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Great Barrier Reef

This photo supplied by the Great Barrier Reef Marine Park Authority (GBRMPA) shows diseased corals at a reef in the Cairns/Cooktown on the Great Barrier Reef in Australia, April 27, 2017. N. Mattocks/AP hide caption

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N. Mattocks/AP

Australia's Great Barrier Reef has experienced four mass bleaching events in the last seven years, like this one in 2017. Scientists warn repeated bleaching makes it tough for corals to recover. Brett Monroe Garner/Getty Images hide caption

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Brett Monroe Garner/Getty Images

The Australian federal government has downgraded its long-term outlook of the Great Barrier Reef to "very poor," and it says that climate change is the most significant threat. William West/AFP/Getty Images hide caption

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William West/AFP/Getty Images

A 2014 photo shows coral on Australia's Great Barrier Reef. The Australian government is dedicating hundreds of millions of dollars to protecting and researching the reef. William West/AFP/Getty Images hide caption

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William West/AFP/Getty Images

There are variations in the appearance of severely bleached corals. Here, the coral displays pink fluorescing tissue signalling heat stress. ARC Centre of Excellence for Coral Reef Studies/ Gergely Torda hide caption

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ARC Centre of Excellence for Coral Reef Studies/ Gergely Torda

Climate Change Is Killing Coral On The Great Barrier Reef

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Aerial view of the Heart Reef, part of the Great Barrier Reef Arterra/UIG via Getty Images hide caption

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Arterra/UIG via Getty Images

While Corals Die Along The Great Barrier Reef, Humans Struggle To Adjust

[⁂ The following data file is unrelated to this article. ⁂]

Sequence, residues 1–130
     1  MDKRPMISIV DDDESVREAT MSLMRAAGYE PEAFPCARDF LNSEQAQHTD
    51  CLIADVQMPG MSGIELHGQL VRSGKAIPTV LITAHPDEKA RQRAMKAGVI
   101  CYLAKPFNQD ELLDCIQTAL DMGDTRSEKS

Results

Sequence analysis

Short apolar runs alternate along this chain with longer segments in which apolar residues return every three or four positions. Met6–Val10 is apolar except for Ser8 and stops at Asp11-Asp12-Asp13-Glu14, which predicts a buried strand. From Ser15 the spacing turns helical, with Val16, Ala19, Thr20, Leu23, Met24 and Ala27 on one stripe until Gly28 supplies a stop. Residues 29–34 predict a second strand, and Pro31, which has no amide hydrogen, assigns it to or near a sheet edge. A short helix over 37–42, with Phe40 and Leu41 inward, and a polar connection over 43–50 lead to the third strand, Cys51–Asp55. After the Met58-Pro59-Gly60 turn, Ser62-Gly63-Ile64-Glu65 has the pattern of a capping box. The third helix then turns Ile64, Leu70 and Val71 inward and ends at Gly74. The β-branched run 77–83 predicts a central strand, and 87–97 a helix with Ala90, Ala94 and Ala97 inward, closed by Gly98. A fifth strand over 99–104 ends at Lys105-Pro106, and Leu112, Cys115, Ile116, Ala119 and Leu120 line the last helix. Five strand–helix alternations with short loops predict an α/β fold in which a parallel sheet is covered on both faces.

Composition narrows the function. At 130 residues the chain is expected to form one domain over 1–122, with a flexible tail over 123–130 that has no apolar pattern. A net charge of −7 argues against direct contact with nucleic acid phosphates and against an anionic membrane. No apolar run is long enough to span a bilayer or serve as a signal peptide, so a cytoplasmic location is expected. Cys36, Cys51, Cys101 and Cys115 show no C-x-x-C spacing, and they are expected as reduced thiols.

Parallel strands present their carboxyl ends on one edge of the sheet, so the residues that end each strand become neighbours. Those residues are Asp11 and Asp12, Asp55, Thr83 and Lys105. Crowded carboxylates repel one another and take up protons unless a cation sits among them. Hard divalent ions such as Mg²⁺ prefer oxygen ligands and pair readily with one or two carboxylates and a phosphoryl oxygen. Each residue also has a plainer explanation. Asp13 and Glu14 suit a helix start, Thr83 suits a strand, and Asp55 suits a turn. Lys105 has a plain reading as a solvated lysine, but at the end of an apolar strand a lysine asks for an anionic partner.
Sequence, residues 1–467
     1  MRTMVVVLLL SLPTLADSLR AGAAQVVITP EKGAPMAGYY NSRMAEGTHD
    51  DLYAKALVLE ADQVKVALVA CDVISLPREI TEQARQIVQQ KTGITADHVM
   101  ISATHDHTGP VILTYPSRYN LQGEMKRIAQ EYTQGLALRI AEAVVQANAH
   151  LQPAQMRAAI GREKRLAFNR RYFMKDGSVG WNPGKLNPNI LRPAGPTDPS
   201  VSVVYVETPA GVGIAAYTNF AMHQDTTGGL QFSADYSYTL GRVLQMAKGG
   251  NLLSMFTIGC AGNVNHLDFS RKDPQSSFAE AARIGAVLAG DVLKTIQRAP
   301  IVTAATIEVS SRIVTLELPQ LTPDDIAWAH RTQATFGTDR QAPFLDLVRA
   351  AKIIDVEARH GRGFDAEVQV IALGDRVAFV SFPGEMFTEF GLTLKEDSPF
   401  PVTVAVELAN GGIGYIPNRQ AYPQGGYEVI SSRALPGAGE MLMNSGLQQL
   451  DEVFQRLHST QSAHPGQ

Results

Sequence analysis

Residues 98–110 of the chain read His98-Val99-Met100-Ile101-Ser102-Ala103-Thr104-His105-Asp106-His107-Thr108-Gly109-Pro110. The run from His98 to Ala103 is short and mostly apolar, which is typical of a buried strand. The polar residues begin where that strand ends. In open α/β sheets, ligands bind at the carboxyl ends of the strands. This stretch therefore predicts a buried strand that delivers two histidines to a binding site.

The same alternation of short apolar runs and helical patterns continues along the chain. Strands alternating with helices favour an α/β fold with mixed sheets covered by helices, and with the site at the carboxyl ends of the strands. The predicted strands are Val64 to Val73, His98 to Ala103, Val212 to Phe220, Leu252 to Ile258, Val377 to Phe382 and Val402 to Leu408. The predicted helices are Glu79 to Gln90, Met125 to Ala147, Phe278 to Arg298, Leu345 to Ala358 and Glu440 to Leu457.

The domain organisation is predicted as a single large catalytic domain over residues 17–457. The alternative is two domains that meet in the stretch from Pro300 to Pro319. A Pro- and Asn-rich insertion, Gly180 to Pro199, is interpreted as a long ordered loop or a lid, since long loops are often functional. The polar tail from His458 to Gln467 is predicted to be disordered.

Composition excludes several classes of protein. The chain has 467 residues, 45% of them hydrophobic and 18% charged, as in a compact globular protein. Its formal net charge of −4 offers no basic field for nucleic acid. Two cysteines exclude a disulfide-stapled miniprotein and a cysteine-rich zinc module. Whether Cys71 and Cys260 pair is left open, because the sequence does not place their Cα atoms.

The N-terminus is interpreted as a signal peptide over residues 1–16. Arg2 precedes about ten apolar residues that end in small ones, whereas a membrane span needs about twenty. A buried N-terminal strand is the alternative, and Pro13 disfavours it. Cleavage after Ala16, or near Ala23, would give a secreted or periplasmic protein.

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A diver near Australia's Orpheus Island surveys bleached Great Barrier Reef coral in March 2017. Greg Torda/ACR Centre of Excellence for Coral Reef Studies hide caption

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Greg Torda/ACR Centre of Excellence for Coral Reef Studies

Graveyard of Staghorn coral, Yonge reef, Northern Great Barrier Reef, October 2016. Greg Torda/ARC Centre of Excellence for Coral Reef Studies hide caption

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Greg Torda/ARC Centre of Excellence for Coral Reef Studies

The Great Barrier Reef off the coast of Queensland, Australia, in August 2009. Scientists say they have discovered a second, enormous reef in the deeper water behind the Great Barrier Reef. Phil Walter/Getty Images hide caption

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Phil Walter/Getty Images

A marine biologist is engulfed by a school of barracuda and jacks as she conducts reef surveys in Kimbe Bay, Papua New Guinea. Tane Sinclair-Taylor/Nature Publishing Group hide caption

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Tane Sinclair-Taylor/Nature Publishing Group

This undated picture of bleached coral (lower right) on part of the Great Barrier Reef, Australia was taken by Prof. Terry Hughes during an aerial survey of the reef. Terry Hughes/ARC Centre of Excellence for Coral Reef Studies hide caption

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Terry Hughes/ARC Centre of Excellence for Coral Reef Studies

Staghorn coral planted by scientists in the Florida Keys. Researchers hope to give the same sort of boost to the world's shrinking population of pillar coral, now that they can raise the creatures in a laboratory. Joe Berg/Way Down Video/Mote hide caption

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Joe Berg/Way Down Video/Mote

Scientists Catch Up On The Sex Life Of Coral To Help Reefs Survive

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These scuba divers are among the 2 million tourists who visit the Great Barrier Reef each year. They contribute about $5.6 billion to Australia's economy, according to the Queensland government. Steve Dorsey for NPR hide caption

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Steve Dorsey for NPR

As Great Barrier Reef Ails, Australia Scrambles To Save It

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A tasseled wobbegong shark (top) lies on the seafloor with the head of a brown-banded bamboo shark in its mouth on the fringing reef of Great Keppel Island on Australia's Great Barrier Reef in August 2011. Reuters/Landov hide caption

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Reuters/Landov